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Recovery in Mental Health. Reshaping scientific and clinical responsibilities. Edition No. 1. World Psychiatric Association

  • ID: 2172260
  • Book
  • April 2009
  • Region: Global
  • 280 Pages
  • John Wiley and Sons Ltd
Winner of Medical Journalists’ Association Specialist Readership Award 2010

Recovery is widely endorsed as a guiding principle of mental health policy. Recovery brings new rules for services, e.g. user involvement and person-centred care, as well as new tools for clinical collaborations, e.g. shared decision making and psychiatric advance directives. These developments are complemented by new proposals regarding more ethically consistent anti-discrimination and involuntary treatment legislation, as well as participatory approaches to evidence-based medicine and policy.

Recovery is more than a bottom up movement turned into top down mental health policy in English-speaking countries. Recovery integrates concepts that have evolved internationally over a long time. It brings together major stakeholders and different professional groups in mental health, who share the aspiration to overcome current conceptual reductionism and prognostic negativism in psychiatry.

Recovery is the consequence of the achievements of the user movement. Most conceptual considerations and decisions have evolved from collaborations between people with and without a lived experience of mental health problems and the psychiatric service system.  Many of the most influential publications have been written by users and ex-users of services and work-groups that have brought together individuals with and without personal experiences as psychiatric patients.

In a fresh and comprehensive look, this book covers definitions, concepts and developments as well as consequences for scientific and clinical responsibilities. Information on relevant history, state of the art and transformational efforts in mental health care is complemented by exemplary stories of people who created through their lives and work an evidence base and direction for Recovery.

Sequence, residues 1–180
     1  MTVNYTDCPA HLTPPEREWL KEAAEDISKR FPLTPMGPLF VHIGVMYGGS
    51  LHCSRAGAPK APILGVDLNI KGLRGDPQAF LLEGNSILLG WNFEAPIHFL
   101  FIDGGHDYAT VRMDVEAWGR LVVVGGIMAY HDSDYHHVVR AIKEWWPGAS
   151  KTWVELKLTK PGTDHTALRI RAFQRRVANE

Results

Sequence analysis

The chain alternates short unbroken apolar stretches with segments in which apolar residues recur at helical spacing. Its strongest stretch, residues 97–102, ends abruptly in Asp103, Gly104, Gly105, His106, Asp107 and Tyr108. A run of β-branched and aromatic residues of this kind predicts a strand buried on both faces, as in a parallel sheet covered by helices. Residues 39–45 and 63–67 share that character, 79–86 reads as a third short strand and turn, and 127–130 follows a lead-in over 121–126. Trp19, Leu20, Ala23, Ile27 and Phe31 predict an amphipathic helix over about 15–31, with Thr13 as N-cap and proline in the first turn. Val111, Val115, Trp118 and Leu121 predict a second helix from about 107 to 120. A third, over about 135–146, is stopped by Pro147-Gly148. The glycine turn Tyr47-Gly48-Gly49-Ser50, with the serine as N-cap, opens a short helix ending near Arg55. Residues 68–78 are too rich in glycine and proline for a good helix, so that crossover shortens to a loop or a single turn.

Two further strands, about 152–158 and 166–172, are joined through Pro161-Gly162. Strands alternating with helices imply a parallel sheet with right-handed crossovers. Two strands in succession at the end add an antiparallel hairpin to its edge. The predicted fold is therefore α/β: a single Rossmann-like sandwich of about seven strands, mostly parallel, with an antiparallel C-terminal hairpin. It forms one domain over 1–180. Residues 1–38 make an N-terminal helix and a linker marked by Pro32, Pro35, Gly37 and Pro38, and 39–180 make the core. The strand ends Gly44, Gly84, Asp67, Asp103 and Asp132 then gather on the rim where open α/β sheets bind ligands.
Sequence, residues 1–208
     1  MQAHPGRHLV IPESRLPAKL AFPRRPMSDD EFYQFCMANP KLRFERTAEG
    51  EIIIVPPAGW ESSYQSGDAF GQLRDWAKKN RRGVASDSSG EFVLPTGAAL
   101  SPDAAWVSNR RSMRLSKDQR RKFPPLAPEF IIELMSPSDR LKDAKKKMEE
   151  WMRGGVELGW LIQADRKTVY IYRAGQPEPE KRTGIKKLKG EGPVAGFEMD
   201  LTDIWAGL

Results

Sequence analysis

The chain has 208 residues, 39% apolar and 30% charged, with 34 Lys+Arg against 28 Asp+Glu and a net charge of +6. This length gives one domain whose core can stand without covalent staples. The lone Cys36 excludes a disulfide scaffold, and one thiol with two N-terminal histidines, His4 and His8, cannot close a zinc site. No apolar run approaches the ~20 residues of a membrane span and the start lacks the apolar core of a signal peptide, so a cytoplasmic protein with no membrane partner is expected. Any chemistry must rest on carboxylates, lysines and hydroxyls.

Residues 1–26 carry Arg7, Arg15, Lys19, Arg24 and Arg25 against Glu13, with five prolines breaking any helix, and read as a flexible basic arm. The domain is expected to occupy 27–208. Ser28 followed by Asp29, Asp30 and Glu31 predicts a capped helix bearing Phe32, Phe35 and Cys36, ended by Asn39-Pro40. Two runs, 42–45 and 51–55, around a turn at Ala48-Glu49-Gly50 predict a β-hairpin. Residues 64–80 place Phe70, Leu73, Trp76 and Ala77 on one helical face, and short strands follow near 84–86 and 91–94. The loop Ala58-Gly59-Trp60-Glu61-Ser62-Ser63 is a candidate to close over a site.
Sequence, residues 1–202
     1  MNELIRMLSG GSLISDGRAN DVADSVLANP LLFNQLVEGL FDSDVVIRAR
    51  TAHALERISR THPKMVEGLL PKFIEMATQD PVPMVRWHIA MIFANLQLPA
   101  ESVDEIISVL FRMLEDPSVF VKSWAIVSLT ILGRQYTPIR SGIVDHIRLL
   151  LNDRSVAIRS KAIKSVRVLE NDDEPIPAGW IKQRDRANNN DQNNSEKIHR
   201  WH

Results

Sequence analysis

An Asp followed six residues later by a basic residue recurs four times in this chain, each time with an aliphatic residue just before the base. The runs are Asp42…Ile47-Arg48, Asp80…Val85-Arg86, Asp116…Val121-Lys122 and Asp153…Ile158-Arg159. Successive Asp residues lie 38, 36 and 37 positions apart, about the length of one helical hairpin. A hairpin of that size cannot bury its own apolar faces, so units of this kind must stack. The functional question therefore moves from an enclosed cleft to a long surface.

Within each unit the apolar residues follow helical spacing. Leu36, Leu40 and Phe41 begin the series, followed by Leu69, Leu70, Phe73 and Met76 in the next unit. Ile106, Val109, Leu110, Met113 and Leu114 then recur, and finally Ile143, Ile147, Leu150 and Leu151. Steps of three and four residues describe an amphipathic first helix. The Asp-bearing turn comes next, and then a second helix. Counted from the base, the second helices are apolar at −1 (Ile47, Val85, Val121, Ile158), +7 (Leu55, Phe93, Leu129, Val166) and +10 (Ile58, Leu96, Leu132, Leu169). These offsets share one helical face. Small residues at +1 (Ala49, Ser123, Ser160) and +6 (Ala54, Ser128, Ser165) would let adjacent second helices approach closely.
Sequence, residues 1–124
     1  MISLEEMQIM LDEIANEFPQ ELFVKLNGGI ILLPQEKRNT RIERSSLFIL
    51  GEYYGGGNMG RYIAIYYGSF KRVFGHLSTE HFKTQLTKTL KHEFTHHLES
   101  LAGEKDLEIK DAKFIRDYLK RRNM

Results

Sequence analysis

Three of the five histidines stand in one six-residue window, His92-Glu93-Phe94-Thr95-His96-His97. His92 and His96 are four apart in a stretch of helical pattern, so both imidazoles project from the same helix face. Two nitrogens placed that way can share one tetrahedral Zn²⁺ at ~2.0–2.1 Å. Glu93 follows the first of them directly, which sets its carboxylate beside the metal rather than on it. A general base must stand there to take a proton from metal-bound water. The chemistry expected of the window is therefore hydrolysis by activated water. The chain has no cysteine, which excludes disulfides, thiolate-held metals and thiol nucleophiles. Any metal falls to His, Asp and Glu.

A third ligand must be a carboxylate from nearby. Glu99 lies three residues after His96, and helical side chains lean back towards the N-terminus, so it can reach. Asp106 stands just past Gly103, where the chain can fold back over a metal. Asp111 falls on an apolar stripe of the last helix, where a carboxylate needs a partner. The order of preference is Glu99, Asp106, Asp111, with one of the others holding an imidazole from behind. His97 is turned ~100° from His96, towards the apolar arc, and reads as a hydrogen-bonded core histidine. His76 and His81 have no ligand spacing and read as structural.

This book was originally published in German.  The translation has been fully revised, references have been amended to include the English-language literature and new material has been added to reflect recent developments. It features a Foreword by Helen Glover who relates how there is more to recovery than the absence or presence of symptoms and how health care professionals should embrace the growing evidence that people can reclaim their lives and often thrive beyond the experience of a mental illness.

Comments on German edition:

"It is fully packed with useful information for practitioners, is written in jargon free language and has a good reading pace."
Theodor Itten, St. Gallen, Switzerland and Hamburg, Germany

"This book is amazingly positive. It not only talks about hope, it creates hope. Its therapeutic effects reach professional mental health workers, service users, and carers alike. Fleet-footed and easily understandable, at times it reads like a suspense novel."
Andreas Knuf, pro mente sana, Switzerland

'"This is the future of psychiatry"' cheered a usually service-oriented manager after reading the book. We might not live to see it.'
Ilse Eichenbrenner, Soziale Psychiatrie, Germany

Note: Product cover images may vary from those shown

Foreword xi

1 Introduction 1

2 Recovery – Developments and Significance 5